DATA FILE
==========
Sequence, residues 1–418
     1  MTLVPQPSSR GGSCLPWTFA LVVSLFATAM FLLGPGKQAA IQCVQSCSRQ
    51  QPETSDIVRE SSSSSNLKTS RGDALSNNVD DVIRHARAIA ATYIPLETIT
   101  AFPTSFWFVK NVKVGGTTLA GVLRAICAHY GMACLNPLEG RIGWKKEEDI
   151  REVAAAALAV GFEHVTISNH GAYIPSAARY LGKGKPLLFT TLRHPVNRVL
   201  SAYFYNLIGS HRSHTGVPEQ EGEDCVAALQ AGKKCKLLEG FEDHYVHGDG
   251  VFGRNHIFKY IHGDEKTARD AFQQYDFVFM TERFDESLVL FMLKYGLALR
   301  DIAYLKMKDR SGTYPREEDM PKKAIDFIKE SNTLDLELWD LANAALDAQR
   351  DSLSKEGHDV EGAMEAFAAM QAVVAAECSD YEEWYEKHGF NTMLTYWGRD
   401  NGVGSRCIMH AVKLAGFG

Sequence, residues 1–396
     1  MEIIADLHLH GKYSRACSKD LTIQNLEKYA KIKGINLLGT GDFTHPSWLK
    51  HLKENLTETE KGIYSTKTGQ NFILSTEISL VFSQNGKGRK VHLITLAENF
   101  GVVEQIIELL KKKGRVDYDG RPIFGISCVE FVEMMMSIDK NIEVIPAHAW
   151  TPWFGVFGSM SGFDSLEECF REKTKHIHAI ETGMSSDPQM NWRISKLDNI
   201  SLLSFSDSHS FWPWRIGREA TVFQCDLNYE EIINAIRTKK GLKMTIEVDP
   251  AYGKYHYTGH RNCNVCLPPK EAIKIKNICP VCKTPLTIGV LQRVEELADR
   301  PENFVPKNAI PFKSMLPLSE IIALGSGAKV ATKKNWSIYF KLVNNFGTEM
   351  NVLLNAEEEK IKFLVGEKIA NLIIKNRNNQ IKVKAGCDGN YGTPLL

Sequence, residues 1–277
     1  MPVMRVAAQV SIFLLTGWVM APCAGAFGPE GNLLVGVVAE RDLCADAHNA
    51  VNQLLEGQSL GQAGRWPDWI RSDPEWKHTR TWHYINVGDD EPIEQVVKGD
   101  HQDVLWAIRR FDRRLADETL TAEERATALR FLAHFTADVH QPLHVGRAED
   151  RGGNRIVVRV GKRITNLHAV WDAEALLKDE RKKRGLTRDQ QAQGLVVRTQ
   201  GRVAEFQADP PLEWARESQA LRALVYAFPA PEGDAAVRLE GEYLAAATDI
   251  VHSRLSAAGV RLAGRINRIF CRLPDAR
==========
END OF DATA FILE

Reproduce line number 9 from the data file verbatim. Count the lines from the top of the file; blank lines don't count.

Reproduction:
   351  DSLSKEGHDV EGAMEAFAAM QAVVAAECSD YEEWYEKHGF NTMLTYWGRD